Russia remains one of the leading fossil fuels producers with a share of 14% of combined global oil and gas output.
Russian oil production grows by 1.2 Mb/d (+10%) to 12.5 Mb/d by 2040.
Russian gas production grows by 216 Bcm (+34%) to 851 Bcm by 2040.
Russia’s primary energy production grows by 21% between 2017 and 2040, but its share of global production drops from 10% in 2017 to 9% in 2040.
Russia remains the world’s largest primary energy exporter and the second-largest combined oil and gas producer, exporting 9 Mb/d of oil and 387 Bcm of gas on a net basis by 2040.
Russia’s liquids production (12.5 Mb/d in 2040) trails only the US and Saudi Arabia by 2040.
Natural gas production (851 Bcm in 2040) remains second after the US.
Energy consumption (+7%) in Russia is the slowest growing among BRIC countries, with India (+156%), Brazil (+65%) and China (+28%), all expanding much faster. Russia’s share of global primary energy consumption declines slightly: from 5% in 2017 to 4% in 2040.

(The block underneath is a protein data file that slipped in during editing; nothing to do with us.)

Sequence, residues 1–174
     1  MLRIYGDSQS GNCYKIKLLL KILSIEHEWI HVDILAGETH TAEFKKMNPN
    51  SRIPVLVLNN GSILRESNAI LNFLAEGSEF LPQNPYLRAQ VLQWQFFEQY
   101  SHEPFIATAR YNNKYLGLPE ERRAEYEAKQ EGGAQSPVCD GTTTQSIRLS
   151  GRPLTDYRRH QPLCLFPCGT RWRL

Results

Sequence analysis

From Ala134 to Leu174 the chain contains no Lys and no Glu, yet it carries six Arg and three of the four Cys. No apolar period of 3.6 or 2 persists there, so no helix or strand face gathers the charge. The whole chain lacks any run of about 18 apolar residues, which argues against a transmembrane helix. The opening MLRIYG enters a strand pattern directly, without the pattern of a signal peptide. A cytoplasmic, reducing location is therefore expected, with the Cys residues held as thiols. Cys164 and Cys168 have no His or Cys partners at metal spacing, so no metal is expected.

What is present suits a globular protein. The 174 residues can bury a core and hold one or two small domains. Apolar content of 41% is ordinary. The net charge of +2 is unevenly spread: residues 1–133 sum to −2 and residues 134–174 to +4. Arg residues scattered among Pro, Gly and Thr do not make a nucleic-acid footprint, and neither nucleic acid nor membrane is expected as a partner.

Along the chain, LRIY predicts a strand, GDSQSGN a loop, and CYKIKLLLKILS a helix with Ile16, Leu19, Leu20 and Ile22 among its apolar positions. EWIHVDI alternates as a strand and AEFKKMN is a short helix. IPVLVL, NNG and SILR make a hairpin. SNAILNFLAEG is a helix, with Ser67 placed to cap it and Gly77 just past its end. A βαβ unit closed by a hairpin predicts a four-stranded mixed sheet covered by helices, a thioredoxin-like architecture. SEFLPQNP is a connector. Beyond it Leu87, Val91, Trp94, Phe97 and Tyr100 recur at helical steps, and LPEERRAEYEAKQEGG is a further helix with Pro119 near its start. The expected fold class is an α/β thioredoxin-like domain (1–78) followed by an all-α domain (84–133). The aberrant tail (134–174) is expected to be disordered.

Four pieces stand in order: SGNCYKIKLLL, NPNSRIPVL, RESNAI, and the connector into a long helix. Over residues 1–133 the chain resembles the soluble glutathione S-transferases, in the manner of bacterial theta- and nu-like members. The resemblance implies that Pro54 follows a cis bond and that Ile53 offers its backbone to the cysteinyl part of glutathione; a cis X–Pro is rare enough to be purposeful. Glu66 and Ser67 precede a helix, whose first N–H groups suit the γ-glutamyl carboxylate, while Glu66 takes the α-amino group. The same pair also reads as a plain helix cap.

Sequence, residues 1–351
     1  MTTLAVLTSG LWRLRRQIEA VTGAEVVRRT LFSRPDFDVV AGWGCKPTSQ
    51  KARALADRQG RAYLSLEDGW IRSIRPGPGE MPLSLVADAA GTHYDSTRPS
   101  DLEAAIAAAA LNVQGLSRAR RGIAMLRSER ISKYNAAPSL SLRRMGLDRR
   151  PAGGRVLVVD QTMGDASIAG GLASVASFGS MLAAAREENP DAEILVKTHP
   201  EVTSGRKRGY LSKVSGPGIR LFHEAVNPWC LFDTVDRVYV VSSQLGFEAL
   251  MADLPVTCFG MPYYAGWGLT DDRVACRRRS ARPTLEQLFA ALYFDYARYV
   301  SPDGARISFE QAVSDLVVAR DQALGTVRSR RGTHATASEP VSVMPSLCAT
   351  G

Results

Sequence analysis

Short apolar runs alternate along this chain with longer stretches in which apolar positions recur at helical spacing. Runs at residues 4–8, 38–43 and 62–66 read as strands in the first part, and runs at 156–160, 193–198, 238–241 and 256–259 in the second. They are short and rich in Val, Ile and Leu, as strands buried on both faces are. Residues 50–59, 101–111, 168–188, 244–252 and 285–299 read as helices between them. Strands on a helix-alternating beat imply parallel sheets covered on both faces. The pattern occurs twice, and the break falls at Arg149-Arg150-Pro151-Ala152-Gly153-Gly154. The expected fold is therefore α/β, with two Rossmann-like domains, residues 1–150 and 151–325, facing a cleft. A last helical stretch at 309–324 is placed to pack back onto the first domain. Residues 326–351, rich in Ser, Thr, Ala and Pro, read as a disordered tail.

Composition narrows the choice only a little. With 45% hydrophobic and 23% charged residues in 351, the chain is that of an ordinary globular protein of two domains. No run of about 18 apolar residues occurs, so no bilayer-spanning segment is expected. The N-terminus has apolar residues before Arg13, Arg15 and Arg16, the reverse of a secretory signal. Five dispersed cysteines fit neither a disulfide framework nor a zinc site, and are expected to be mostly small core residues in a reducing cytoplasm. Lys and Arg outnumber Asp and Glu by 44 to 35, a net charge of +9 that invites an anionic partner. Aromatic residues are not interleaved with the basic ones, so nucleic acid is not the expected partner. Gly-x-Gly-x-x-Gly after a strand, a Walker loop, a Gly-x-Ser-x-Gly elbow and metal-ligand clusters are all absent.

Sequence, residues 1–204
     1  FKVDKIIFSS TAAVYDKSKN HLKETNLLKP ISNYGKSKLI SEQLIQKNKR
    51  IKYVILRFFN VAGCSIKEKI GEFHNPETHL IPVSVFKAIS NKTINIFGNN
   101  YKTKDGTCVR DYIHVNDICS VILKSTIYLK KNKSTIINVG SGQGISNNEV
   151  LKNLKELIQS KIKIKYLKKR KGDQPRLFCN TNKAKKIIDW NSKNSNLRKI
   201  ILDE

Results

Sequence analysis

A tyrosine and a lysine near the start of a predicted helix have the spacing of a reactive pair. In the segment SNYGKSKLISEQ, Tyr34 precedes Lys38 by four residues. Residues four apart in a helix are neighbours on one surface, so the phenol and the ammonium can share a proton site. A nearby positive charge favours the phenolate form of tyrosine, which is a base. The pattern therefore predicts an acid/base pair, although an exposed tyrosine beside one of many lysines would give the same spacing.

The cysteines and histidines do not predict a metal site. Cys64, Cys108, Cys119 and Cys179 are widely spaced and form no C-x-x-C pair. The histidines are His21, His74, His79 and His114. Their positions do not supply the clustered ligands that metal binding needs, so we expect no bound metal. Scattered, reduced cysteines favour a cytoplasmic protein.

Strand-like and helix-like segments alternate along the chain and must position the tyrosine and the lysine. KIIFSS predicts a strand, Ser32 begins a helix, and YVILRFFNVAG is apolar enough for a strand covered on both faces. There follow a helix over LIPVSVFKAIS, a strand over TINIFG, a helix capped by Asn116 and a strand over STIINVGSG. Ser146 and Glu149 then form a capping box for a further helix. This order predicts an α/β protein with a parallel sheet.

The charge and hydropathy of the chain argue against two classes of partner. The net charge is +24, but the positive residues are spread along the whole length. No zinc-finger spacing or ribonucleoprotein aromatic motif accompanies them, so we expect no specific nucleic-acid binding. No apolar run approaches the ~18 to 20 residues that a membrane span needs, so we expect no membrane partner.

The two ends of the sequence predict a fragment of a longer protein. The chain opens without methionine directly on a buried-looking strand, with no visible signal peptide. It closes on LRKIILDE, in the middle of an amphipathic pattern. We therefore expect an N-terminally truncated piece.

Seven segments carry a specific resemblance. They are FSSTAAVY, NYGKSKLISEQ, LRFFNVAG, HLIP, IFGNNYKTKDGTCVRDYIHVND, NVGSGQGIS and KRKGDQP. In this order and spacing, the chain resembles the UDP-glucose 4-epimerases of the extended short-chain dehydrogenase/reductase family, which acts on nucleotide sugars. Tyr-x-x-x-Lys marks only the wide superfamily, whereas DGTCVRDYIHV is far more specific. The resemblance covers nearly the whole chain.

By sector, non-combusted use of energy (+77%) accounts for almost all of Russia’s energy consumption increase.
Despite growing by over 1000% by 2040, renewables contribute just 2% to Russia’s primary energy demand in 2040, compared with 17% on average among the other BRIC nations.
Nuclear (+35% by 2040) is the second fastest growing fuel followed by hydro (+12%), gas and oil (both +9%); coal consumption declines (-36%).
Gas still dominates Russia’s fuel mix in 2040, accounting for 53% of total energy use (up from 52% in 2017). Oil’s share stays stable at 22% while coal’s share declines from 13% to 8%.
Natural gas remains the leading fuel in power generation; its share remains unchanged at 53%. Nuclear grows from 16% to 19%, and hydro remains flat at 14%. Coal declines from 15% to 8%.
Russia’s energy intensity declines by 20%, slower than China (-54%), India (-32%), or the non-OECD average (-39%).
Despite lower emissions (-9%) in 2040, Russia becomes the most carbon-intensive economy among the 14 countries/regions in our Outlook.